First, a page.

Interlocutory injunctions in patent disputes

An injunction is a Court order directing a person or entity to do a specific thing or refrain from doing something.  Whilst an injunction in itself can amount to final relief in litigious matters, it can also be sought on an interlocutory or temporary basis (Interlocutory Injunction).  This applies where a temporary remedy is sought to maintain the status quo until the larger legal issues can be heard at trial.

In matters relating to the infringement of a patent, an injunction may be sought by the patent owner (Applicant) to stop a defendant (Respondent) from doing the acts the patent owner alleges infringe the patent, until the Court has had the opportunity to determine whether or not the patent has been infringed.  In this article we consider Interlocutory Injunctions in patent matters and how the tests differ from non-patent matters. [Read more…]

Artificial intelligence – introductory thoughts on the legal issues

Whenever there is a wave of innovation, in the absence of statute, the Courts necessarily apply old world legal principles to the new technology.  This was certainly the case when social media and online business became mainstream.  Similarly the law in Australia that applies to bitcoin and the blockchain has left the promoters of initial coin offerings (ICO’s) struggling to understand their legal position – see our article titled:  “What is an initial coin offering”.  The advent of artificial intelligence (Artificial Intelligence or AI) however creates somewhat more challenging legal issues to be considered by technology lawyers whose client’s seek to develop applications with embedded AI. [Read more…]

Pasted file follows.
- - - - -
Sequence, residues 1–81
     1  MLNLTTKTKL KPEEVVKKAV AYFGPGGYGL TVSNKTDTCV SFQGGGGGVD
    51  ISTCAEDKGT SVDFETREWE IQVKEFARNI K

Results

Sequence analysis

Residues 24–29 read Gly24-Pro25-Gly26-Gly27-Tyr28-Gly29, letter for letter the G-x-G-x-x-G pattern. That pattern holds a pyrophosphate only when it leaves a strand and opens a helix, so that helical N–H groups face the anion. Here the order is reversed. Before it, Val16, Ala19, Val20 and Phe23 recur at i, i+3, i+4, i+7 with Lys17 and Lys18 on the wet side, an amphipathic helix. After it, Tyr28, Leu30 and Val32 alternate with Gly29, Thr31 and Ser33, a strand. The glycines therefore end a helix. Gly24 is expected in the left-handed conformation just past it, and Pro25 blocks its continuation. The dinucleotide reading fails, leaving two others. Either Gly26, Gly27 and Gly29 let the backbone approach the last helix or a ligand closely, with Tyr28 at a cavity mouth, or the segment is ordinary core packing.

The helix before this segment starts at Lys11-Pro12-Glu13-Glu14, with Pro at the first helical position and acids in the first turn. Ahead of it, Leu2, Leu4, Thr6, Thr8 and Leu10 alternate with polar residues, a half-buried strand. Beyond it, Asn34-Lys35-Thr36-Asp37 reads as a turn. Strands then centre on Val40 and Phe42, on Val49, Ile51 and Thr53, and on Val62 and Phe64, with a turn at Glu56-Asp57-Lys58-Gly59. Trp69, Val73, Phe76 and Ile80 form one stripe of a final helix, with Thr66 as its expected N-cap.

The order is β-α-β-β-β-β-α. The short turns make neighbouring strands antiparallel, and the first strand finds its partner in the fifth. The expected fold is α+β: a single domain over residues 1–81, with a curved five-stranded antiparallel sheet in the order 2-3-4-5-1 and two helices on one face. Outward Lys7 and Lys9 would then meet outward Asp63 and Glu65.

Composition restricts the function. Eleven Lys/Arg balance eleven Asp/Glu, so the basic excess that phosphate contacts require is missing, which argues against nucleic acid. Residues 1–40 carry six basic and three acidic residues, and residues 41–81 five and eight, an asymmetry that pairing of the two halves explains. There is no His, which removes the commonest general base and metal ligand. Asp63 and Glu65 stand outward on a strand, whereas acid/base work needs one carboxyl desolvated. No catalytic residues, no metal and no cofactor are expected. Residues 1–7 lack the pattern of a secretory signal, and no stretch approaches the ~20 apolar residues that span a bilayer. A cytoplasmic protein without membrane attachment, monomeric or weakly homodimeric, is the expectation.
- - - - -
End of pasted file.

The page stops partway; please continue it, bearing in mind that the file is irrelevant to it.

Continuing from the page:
Disputing ownership of a patent – joint inventors

The Patents Act 1990 (Cth) (Act) provides the framework for patent registration and regulation in Australia. [Read more…]

What is an injunction?

An injunction in its simplest form is a Court order directing a person or entity to do a specific thing (Mandatory Injunction) or, more commonly, to not do a specific thing (Prohibitory Injunction).  Whilst an injunction in itself can amount to final relief in a matter, it is generally sought on an interlocutory basis (Interlocutory Injunction) which is where a temporary remedy is sought to maintain the status quo until the larger matter can be heard.  If a temporary order is granted it will generally become permanent if the applicant is successful in the larger claim. [Read more…]

Can you infringe a trade mark by exporting a product?

A trade mark is a sign used to distinguish goods or services from other similar goods or services, generally to associate that good or service with a brand.  Trade mark signs are a valuable form of intellectual property as they allow consumer to quickly and easily associate products with their favourite brands.  In Australia, the Trade Marks Act 1995 (Cth) (Trade Marks Act) provides protection for the owners of registered trade marks.  In this article, we consider whether a person infringes a trade mark by manufacturing a good to sell overseas rather than in Australia – does the Trade Marks Act protect the Australian trade mark owner? [Read more…]

Is the use of a trade mark in AdWords an infringement?